We also must be aware of our own “filter bubble.” According to Wikipedia (en.wikipedia.org/wiki/Filter_bubble):
A filter bubble is a result of a personalized search in which a website algorithm selectively guesses what information a user would like to see based on information about the user (such as location, past click behavior, user profile, and search history) and, as a result, users become separated from information that disagrees with their viewpoints, effectively isolating them in their own cultural or ideological bubbles. Prime examples are Google Personalized Search results and Facebook’s personalized news stream. The term was coined by internet activist Eli Pariser in his book by the same name. According to Pariser, users get less exposure to conflicting viewpoints and are isolated intellectually in their own informational bubble. Pariser related an example in which one user searched Google for “BP” and got investment news about British Petroleum, while another searcher got information about the Deepwater Horizon oil spill. He noted that the two search results pages were “strikingly different.” The bubble effect may have negative implications for civic discourse, according to Pariser, but there are contrasting views suggesting the effect is minimal and addressable.
The next page contains some readings that provide useful overviews and insights into the world of fact-checking. I’ve tried to include sites beyond the U.S.—including Canada, the U.K., and Europe. Heaven knows that the summer Brexit vote created new flows of fact fog.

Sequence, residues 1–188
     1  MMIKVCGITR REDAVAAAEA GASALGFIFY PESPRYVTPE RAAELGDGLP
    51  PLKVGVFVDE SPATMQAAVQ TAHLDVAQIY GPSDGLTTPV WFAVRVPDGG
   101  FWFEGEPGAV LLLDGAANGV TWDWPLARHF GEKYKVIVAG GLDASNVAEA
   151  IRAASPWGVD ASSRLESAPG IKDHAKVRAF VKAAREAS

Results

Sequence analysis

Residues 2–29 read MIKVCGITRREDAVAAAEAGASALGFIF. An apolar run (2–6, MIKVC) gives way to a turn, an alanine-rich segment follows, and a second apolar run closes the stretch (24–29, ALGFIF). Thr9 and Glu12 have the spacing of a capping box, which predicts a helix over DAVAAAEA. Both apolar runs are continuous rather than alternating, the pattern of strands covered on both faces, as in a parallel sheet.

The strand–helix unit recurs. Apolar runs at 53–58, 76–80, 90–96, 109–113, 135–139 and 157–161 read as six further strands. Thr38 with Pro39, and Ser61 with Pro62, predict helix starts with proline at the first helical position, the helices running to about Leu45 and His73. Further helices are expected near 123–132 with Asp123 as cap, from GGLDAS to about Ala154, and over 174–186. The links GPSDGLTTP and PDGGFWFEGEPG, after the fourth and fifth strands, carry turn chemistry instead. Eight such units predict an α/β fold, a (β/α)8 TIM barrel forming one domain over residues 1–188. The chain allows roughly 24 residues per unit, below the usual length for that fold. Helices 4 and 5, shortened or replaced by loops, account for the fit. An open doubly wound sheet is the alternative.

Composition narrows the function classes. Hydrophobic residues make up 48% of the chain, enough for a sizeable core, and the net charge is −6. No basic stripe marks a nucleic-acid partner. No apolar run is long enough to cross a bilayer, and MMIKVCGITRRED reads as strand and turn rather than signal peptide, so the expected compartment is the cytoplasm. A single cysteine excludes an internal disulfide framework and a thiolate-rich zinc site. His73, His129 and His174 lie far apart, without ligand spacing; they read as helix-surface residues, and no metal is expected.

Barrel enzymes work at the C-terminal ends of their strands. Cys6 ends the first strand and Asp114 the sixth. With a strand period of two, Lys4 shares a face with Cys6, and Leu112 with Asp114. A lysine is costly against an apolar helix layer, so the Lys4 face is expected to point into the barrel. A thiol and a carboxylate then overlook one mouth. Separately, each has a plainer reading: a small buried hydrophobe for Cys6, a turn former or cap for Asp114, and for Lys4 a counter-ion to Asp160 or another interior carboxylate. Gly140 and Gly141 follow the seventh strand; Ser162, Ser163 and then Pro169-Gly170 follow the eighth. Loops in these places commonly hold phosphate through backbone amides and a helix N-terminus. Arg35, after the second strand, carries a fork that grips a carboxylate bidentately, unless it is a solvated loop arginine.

“Teaching Political Literacy,” Citizenship Foundation citizenshipfoundation.org.uk/main/page.php?68
Full Fact is the U.K.’s independent fact-checking organization. https://fullfact.org
The political literacy companion site to the award-winning FactCheck.org, it provides resources to help students recognize flaws in arguments. flackcheck.org
The Duke Reporters’ Lab
The Lab maintains a database of global fact-checking sites. reporterslab.org/fact-checking
Pew Research Center: Journalism and Media Project. journalism.org
Poynter: A Global Leader in Journalism poynter.org
United States National Literacy Policies EDCI 874 > National Literacy Policy Analysis > Political Literacy
FactsCan Canada, “Canada’s political fact-checker. Independent. Transparent. Non-partisan.” factscan.ca
538 Blog FiveThirtyEight Nate Silver’s FiveThirtyEight uses statistical analysis—hard numbers—to tell compelling stories about elections, politics, sports, science, economics and culture. fivethirtyeight.com
Thinking About Fact-Checking
“The Limits of Fact-Checking,” Jack Shafer politico.com/magazine/story/2015/12/the-limits-of-the-fact-checker-213461
“On Bullshit,” Harry G. Frankfurt’s famous essay. csudh.edu/ccauthen/576f12/frankfurt__harry_-_on_bullshit.pdf
“The Rise—And Limits—Of Political Fact-Checking,” Brian Lambert minnpost.com/media/2016/07/rise-and-limits-political-fact-checking
“Why We’re Post-Fact,” Peter Pomerantsev, Granta. http://granta.com/why-were-post-fact/
FACT CHECK WEBSITES FOR GETTING POLITICAL FACTS
Here are some sites that can be added to people’s personal learning as personal kits. Many people know the top ones such as PolitiFact and Snopes. There are more!
FactCheck.org FactCheck.org is a nonpartisan, nonprofit “consumer advocate” that aims to reduce the level of deception and confusion in U.S. politics. It monitors the accuracy of what is said by major U.S. political players in the form of TV ads, debates, speeches, interviews, and news releases. Its goal is to apply the best practices of both journalism and scholarship to increase public knowledge. factcheck.org